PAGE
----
“She’s done awesome and I can tell you she’s exceeded her original goal of $500,” said Cathy. “I’m very proud of her and the support she has received has been absolutely overwhelming.”
For Cathy, who has been attending the event since she was 16 years old and has put her own stamp on the event, it’s a very special weekend. She has become best friends with Adam Sohye and couldn’t imagine not attending.
“The reason this weekend is so special is because it feels like coming home every year,” she said. “The sense of family, bonds and emotions of this weekend goes far beyond the baseball. The people who attend this tournament come with a passion, a huge passion to raise money to help fight a disease that people we know and love are affected with.
“It’s the most heart warming, amazing weekend you could attend. Where else do you see hugs, laughs, tears, camaraderie, and baseball and people spending money in a fun loving way that tops in the $40,000 range? It’s truly amazing and it’s really our Mesachie Family.”
“Business tax revolt pending?” asked The Lake News of June 22, 1994.
Hoo boy! What was up?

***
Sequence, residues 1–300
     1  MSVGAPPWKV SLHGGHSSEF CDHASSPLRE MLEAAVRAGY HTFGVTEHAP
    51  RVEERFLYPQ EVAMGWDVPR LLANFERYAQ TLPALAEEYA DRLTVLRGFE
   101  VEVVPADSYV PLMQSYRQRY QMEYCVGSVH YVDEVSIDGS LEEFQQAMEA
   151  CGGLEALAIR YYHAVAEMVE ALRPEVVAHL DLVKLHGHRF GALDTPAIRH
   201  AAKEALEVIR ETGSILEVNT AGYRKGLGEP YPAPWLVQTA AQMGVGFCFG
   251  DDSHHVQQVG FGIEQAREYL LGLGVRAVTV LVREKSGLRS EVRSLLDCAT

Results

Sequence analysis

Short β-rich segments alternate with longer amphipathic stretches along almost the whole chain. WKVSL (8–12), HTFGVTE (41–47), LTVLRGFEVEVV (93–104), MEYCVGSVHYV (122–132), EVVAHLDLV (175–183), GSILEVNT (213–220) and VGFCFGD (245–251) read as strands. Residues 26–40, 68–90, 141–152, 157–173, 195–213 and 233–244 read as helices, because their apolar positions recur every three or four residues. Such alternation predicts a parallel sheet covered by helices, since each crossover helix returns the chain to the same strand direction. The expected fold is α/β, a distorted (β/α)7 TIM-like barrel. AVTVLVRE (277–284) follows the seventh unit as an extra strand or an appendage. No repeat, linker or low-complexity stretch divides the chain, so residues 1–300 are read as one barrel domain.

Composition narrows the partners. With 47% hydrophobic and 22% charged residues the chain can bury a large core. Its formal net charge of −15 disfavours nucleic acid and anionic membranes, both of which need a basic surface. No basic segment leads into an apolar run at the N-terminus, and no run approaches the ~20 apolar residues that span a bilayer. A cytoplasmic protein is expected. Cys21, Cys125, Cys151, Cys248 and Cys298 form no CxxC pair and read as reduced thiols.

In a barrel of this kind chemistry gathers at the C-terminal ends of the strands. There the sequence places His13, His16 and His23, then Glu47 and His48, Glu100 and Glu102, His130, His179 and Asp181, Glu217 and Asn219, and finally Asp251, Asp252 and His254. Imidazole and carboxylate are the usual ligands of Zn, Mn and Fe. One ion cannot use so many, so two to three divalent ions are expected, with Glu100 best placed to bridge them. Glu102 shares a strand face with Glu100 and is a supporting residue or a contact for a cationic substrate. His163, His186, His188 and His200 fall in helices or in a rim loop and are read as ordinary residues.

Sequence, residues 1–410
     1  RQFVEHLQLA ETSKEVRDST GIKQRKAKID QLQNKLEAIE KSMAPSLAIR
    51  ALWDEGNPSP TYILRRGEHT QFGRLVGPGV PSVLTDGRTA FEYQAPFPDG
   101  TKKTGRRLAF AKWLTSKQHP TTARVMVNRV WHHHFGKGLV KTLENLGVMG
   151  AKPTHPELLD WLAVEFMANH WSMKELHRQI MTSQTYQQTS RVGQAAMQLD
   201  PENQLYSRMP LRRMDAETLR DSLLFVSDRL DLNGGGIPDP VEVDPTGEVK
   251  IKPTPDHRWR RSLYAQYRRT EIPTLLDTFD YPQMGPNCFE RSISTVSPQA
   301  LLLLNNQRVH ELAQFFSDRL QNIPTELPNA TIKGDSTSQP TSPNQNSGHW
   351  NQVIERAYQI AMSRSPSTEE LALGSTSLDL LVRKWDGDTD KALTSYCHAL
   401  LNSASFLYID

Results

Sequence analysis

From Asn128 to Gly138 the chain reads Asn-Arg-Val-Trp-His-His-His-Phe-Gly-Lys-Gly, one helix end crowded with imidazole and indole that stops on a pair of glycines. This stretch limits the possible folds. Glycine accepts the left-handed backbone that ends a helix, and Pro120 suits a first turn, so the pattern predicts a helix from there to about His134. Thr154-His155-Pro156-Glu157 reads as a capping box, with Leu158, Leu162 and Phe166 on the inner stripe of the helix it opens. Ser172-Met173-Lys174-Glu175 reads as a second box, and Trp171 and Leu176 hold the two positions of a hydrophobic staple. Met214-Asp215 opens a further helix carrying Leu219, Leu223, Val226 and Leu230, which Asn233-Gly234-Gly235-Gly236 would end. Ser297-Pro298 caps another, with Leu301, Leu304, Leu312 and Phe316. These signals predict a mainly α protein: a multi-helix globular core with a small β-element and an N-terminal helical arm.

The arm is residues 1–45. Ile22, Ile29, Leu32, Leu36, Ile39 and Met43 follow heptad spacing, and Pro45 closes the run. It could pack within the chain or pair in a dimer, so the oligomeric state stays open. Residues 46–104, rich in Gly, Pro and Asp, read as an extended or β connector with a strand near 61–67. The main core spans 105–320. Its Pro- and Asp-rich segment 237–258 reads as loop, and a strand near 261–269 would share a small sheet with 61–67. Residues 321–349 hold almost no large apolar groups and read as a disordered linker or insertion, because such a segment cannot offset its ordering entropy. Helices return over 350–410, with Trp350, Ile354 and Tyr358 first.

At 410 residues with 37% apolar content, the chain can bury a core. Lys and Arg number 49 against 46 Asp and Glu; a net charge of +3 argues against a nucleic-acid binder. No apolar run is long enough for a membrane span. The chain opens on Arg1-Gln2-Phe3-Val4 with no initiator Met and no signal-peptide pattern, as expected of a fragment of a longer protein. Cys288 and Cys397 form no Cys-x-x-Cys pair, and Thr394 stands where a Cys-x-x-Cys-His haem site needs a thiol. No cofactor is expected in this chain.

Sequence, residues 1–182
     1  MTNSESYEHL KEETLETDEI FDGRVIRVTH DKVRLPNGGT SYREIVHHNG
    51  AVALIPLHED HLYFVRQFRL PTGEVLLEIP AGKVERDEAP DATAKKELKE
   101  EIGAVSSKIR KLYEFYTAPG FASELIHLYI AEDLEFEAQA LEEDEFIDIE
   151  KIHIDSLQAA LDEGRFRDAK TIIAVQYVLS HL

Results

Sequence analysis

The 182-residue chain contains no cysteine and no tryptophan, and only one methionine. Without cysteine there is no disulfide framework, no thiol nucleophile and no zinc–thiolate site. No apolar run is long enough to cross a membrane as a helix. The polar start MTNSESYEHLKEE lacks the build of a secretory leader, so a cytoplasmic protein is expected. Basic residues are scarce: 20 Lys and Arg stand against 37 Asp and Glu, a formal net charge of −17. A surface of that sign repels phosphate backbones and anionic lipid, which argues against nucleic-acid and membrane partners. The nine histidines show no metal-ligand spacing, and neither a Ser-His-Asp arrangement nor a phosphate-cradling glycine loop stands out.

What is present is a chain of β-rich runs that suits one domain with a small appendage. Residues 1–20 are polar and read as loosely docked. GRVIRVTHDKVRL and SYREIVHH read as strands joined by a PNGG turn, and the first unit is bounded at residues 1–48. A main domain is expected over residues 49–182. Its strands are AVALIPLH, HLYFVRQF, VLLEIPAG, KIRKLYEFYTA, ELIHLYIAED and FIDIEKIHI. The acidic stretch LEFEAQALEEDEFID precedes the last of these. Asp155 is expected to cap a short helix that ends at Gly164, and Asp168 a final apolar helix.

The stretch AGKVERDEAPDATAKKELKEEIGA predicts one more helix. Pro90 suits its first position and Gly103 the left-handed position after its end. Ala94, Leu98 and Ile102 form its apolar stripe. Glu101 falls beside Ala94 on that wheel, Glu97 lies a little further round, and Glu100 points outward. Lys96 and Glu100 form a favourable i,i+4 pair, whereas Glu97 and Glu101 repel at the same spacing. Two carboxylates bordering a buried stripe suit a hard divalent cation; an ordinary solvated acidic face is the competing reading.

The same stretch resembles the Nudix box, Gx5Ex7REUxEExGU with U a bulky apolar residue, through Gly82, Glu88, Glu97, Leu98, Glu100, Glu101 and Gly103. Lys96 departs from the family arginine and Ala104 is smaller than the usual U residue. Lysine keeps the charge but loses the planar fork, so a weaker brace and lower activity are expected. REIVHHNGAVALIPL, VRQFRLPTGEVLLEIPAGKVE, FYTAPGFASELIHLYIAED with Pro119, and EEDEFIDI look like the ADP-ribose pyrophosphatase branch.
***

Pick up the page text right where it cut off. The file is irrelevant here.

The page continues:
“Village council erupted last week as a delegation of nearly 50 people led by two former aldermen was denied an opportunity to present its case. The group’s spokesmen were Rod Peters and Jack Holliston.”
Peters was allowed to speak briefly, though 14 questions that would have been presented by the group were not permitted. Peters said, “We won’t be paying business tax.” Noting the village has no bylaw enforcement officer, he said, “Better get one.”
The delegation came to complain about increases of up to 500 per cent in the business licences in Lake Cowichan. It also wanted to ask about other things.
Members of council present were Mayor Earle Darling and councillors Leon Portelance, Gary Gunderson, and Jack Peake. Coun. Jean Brown was away.
Peters said the group will be watching everything council does in future.
“That’s a promise, not a threat,” he said.